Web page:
Thank you for giving me this opportunity with your openness and “progressive religious views” which I embrace.

    1. Way to go with the “stepping out” thing! As it has been said, “God is in the details.” I would add, “and the personal.” In my experience, this is utterly, absolutely true. Countless spirit persons from every religion, including Christianity, have said, “To know oneself is to know God.” The place to find God is not somewhere “out there” but “in here.” So by all means, keep honoring and extpressing the detailed and personal!! You are very welcome. Thank you back!
      My very best,

  3. This kind of awakening is something that everyone should be encouraged to do. I’ve been through it myself and have unbounded respect for anyone else who’s managed it. No matter where it leads, it’s infinitely healthier to believe or not because one has examined the nature of one’s belief and understands as well as accepts. Blind faith serves nothing and no one well.

  4. “..showing them not to be about “right belief,” but about opening to the soul’s journey through life.” Perfect.
    I consider myself fortunate that my family–parents and grandparents–were not particularly religious. My maternal grandparents fell out with the Catholic Church when their seven-hour old baby was denied burial in a Catholic cemetery. And so, while their egregious action proscribed the baby’s fate, it opened my grandparents’ minds to the church’s narrow and misguided teachings. Thereafter, my grandparents steered clear of organized religion. Although I attended church as a child, my parents never pressed the issue, thus I never felt a strong obligation. Further, I never felt connected to the church as many of my friends did.
    I, for one, am glad you have begun writing about your progressive religious ideas, Jeanie. It demonstrates to us that there is always room for growing and it motivates us to rethink what we’ve been taught or, might I add, how we’ve been brainwashed.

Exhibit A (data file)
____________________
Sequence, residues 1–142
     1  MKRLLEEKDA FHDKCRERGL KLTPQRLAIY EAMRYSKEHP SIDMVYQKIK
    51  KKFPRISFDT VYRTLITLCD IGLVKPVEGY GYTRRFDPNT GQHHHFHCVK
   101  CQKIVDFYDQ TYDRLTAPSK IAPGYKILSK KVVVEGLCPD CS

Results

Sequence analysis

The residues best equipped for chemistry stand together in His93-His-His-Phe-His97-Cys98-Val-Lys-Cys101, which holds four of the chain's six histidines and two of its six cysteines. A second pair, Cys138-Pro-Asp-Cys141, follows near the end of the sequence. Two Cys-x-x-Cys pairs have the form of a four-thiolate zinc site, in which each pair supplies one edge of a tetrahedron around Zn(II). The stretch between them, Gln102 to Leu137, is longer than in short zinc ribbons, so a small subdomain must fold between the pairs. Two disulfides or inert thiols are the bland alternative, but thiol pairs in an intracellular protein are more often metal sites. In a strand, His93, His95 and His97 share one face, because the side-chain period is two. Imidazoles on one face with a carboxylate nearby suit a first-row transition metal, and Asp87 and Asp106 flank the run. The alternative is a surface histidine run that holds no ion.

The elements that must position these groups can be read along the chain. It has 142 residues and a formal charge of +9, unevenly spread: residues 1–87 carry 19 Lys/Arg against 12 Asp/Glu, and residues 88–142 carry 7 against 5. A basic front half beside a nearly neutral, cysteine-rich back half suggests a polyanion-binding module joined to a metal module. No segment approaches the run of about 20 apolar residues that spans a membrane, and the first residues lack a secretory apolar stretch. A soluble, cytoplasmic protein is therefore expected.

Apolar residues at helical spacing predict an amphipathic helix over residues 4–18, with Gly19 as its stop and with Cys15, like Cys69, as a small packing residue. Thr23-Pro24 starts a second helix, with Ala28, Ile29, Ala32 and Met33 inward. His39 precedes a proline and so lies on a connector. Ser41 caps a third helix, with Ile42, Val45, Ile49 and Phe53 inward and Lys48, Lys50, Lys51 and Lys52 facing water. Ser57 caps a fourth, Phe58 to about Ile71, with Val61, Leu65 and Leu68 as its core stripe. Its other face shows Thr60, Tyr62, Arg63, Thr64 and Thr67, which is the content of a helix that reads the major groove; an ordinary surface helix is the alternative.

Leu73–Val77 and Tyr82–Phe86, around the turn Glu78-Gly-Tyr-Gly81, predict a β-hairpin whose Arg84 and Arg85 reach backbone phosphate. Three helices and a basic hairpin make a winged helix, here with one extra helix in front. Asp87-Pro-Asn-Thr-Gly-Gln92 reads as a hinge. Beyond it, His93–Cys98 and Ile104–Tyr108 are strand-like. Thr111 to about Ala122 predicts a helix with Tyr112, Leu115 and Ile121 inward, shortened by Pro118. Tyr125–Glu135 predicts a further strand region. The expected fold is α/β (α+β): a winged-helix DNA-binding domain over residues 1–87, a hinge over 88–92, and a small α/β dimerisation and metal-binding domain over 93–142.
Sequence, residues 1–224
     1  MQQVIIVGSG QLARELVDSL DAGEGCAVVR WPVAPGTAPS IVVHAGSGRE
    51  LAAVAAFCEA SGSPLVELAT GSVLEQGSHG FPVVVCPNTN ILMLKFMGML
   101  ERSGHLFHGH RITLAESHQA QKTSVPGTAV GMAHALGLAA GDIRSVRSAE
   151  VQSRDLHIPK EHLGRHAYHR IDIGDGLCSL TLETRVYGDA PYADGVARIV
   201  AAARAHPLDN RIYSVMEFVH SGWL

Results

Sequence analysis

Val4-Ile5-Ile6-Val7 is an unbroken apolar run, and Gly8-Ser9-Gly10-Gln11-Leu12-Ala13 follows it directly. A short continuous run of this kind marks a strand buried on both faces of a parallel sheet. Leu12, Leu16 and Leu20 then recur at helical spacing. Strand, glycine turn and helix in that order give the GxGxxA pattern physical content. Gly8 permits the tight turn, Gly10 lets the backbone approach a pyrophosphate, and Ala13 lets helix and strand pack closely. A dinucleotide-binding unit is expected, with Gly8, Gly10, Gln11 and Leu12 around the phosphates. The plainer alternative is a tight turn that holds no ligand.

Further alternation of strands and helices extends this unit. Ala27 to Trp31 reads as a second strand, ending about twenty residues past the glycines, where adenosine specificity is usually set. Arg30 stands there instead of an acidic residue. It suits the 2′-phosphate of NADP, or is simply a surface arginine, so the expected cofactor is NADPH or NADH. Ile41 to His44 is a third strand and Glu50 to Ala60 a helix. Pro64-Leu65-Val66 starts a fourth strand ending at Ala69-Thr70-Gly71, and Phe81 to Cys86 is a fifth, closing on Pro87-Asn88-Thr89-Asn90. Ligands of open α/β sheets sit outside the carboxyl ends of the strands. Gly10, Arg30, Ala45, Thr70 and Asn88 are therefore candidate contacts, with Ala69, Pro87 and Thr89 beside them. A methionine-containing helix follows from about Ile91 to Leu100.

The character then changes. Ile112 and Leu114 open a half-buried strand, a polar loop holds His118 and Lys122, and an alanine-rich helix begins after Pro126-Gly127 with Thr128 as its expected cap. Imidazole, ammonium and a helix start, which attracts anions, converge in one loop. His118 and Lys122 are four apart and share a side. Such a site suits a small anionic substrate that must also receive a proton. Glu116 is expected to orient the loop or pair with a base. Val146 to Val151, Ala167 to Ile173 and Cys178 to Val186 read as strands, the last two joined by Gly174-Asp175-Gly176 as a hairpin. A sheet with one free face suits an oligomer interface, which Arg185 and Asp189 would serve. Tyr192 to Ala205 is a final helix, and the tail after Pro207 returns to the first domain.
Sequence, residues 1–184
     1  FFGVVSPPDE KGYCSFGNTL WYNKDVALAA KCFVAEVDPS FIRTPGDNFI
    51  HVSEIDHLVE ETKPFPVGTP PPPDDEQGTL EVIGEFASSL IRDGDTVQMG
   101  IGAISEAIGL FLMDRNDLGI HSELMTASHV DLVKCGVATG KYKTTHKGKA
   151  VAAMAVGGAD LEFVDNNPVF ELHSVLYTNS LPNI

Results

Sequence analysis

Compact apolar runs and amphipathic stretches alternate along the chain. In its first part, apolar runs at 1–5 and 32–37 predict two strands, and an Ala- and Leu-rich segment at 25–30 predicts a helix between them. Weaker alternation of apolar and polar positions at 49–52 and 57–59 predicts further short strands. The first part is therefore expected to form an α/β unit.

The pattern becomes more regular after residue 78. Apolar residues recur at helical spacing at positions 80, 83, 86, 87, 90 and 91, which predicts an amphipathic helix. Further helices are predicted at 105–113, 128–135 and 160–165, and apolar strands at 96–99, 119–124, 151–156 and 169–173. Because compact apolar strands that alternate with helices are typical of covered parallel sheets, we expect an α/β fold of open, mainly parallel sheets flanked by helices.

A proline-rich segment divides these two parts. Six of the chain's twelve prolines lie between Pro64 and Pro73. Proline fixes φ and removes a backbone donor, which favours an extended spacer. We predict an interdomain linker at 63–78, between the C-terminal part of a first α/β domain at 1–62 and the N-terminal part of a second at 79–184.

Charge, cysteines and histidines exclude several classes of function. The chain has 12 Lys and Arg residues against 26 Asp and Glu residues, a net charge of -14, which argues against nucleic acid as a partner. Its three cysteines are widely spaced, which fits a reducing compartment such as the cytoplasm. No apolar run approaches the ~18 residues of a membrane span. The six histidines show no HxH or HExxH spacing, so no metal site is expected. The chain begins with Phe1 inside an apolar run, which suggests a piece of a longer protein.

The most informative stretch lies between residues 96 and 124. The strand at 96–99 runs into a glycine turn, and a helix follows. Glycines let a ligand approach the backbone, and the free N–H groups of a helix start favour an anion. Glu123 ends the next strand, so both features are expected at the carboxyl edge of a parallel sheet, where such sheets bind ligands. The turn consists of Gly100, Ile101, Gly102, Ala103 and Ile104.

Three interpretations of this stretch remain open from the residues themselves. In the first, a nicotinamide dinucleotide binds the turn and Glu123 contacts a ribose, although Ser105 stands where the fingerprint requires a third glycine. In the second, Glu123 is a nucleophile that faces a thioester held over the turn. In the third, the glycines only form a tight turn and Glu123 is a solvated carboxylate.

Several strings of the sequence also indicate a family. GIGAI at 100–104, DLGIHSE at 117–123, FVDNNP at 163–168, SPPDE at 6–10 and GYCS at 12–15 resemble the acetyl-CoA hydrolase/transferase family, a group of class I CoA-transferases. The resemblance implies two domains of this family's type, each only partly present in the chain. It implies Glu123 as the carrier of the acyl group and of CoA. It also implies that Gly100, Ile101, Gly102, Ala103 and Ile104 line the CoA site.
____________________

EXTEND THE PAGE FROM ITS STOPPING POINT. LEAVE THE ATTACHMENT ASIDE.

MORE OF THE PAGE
1. You were, indeed, lucky, Charlie. Interestingly, I suspect I could have come to the place where I find myself now from a perspective like yours as well, although I surely would have been spared most of the fear and angst that defined my path! A seeking mind is a seeking mind and will find a way through the fog regardless of how it’s been conditioned and brainwashed!
      My best to you, my friend.

  5. I always look forward to your blogs and the posts by your followers. It’s a reminder to me that though each spiritual quest is individual, we are never alone on our separate journeys.

    1. Hi Rosanna,
      Thank you for stopping by and taking the time to comment. I’m glad you enjoy my posts and stimulating interactions with readers. It really is a wonderful feeling to know that no matter how different we may be, whether we realize it or not, we seekers are connected by a spiritual hunger and a compulsion to grow that is common to all humanity. I feel so fortunate to have found so many people via the internet who are aware of this connection and are using their knowledge to build bridges, not walls.
      My best to you,